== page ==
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Thursday, March 16, 2006

Asahara's right-hand man Niimi loses death penalty appeal


Staff writer

The Tokyo High Court upheld the death penalty Wednesday for Tomomitsu Niimi, Aum Shinrikyo founder Shoko Asahara's right-hand man.

News photo
Tomomitsu Niimi

Niimi, 42, was convicted of participating in the murders of 26 people, including the seven victims of the sarin attack in Matsumoto, Nagano Prefecture, on June 27, 1994, and the 12 people killed in the Tokyo subway gassing on March 20, 1995.

"Although Niimi may have committed his crimes to put his religious beliefs into practice, they were still crimes there is nothing to mitigate his responsibility," presiding Judge Kunio Harada said in refusing leniency.

The court dismissed the defense argument that the once gentle and intelligent college student was only obeying Asahara, who had duped him into thinking the crimes were based on some divine will.

Niimi testified that he often doubted the truth of Asahara's teachings, but would repeatedly tell himself he must fight what he saw as his own willfulness and give himself over to his guru's wishes.

"The defendant was fully aware that Asahara's teachings to 'mercy-kill' (the unenlightened) differed greatly from society's values," Harada said. "He acted out of his own free will."

Niimi was convicted for his involvement in seven murder cases, two cases of attempted murder, and four other charges involving the confinement of cultists and the harboring of Aum fugitives. The seven murders include the 1989 killing of a Yokohama lawyer who was helping to get people out of the cult, the attorney's wife and their infant son, as well as the lynching of Aum members who quit or tried to leave the cult.

Niimi's eyes began to tear up when the judge read the defendant's apology: "I am pained to have caused so much grief to so many people and their families . . . but please understand that some may hold other values." But he then quickly assumed the lotus position, closed his eyes and began breathing deeply, as if in meditation.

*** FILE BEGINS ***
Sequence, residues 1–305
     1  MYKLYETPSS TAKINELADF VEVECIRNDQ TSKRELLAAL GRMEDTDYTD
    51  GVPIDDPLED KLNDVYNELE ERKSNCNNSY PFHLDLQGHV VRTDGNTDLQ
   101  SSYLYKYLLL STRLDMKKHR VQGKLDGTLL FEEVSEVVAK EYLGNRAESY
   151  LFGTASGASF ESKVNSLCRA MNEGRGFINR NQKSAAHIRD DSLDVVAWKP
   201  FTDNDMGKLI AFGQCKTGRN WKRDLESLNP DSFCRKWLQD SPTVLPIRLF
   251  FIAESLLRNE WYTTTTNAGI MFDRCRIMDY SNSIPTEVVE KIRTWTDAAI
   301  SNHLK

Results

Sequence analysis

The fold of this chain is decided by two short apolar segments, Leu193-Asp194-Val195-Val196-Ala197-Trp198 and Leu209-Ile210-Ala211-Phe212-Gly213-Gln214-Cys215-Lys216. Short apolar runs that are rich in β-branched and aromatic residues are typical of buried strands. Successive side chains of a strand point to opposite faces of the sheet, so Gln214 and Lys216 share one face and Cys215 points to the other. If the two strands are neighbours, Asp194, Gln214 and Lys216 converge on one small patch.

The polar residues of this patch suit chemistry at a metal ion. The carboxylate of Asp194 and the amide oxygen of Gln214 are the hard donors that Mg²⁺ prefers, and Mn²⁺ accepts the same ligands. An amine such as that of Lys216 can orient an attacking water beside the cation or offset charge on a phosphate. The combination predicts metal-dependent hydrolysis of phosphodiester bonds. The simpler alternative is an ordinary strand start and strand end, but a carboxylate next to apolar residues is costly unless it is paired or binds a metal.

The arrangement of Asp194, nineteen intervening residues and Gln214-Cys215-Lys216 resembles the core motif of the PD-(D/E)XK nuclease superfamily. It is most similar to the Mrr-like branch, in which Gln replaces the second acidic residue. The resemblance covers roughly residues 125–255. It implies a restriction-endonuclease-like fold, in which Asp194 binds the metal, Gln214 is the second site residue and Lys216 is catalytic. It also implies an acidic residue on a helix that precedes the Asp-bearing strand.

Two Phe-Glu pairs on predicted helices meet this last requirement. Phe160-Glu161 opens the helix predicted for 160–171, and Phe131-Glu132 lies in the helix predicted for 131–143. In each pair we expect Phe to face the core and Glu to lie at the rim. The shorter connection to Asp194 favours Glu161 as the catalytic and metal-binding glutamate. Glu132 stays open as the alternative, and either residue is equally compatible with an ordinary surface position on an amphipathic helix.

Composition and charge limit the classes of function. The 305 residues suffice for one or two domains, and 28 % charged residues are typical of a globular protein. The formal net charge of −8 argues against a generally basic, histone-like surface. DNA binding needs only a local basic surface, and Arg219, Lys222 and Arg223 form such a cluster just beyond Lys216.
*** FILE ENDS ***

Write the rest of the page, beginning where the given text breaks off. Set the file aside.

His lawyer, Yutaka Ozaki, said he would speak with his client about whether to appeal to the Supreme Court.

"Deep down, he is horrified at what he did," reckoned Hiroyuki Nagaoka, whom Niimi tried to kill in 1995 after he got his son out of the cult. "But he can't admit that, not even to himself. It would mean a denial of all that he's done for Aum."

Niimi and Asahara, whose real name is Chizuo Matsumoto, had cultists pour VX gas on Nagaoka's neck on Jan. 4, 1995. Nagaoka was poisoned, but recovered.

Nagaoka heads a group for the families of cultists. He met with Niimi four times, from November 2004 to February 2005, and Niimi wrote Nagaoka 11 letters, in which he said he was grateful to Nagaoka for his concerns about him and his parents.

Throughout the trial, Niimi remained firm in his devotion to Asahara. "It is because of (Asahara) that I am here today," he said repeatedly.

Niimi -- known as Aum's "home affairs minister" and one of Asahara's closest aides -- was directly involved in all of Aum's murders except the Tokyo subway attack, which he abetted, according to the court.

He strangled cultist Shuji Taguchi in 1989 when the man tried to flee. He also strangled Yokohama lawyer Tsutsumi Sakamoto, his wife, Satoko, and their 1-year-old son, Tatsuhiko, later that year.

Niimi is also guilty of playing a key role in the Matsumoto sarin attack that killed seven people, including specifically being convicted of causing serious injury to four of the 100-plus hurt. In the same year, he took part in three more murders.

In the Tokyo attack, which killed 12 people and injured about 5,000, Niimi was one of the plotters and was a driver for the cultists who released the nerve gas on the trains.



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